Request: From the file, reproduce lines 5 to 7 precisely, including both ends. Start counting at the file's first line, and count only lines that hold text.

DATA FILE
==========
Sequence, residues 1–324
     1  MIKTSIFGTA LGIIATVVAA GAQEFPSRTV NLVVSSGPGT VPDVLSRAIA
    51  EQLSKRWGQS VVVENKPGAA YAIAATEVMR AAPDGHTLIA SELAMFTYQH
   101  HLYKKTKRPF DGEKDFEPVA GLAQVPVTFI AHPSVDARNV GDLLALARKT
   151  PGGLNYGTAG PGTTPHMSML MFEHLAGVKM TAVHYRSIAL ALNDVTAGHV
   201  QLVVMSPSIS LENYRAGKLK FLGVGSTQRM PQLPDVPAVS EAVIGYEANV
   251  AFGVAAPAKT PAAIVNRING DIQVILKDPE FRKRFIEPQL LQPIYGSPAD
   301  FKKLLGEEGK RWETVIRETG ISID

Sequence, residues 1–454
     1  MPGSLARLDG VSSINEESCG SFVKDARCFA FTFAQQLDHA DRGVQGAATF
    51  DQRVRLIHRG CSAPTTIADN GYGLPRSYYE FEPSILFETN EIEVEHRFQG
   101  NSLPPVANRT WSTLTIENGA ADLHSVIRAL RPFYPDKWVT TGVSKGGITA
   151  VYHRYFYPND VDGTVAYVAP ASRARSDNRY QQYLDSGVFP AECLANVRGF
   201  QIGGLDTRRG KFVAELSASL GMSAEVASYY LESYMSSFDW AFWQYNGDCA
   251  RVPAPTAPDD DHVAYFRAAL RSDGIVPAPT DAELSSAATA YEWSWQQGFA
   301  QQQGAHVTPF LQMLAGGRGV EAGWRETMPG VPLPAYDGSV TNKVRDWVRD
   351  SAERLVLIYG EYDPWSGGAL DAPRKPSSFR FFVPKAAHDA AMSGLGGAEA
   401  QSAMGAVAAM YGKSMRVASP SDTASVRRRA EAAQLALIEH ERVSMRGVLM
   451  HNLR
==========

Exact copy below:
   151  PGGLNYGTAG PGTTPHMSML MFEHLAGVKM TAVHYRSIAL ALNDVTAGHV
   201  QLVVMSPSIS LENYRAGKLK FLGVGSTQRM PQLPDVPAVS EAVIGYEANV
   251  AFGVAAPAKT PAAIVNRING DIQVILKDPE FRKRFIEPQL LQPIYGSPAD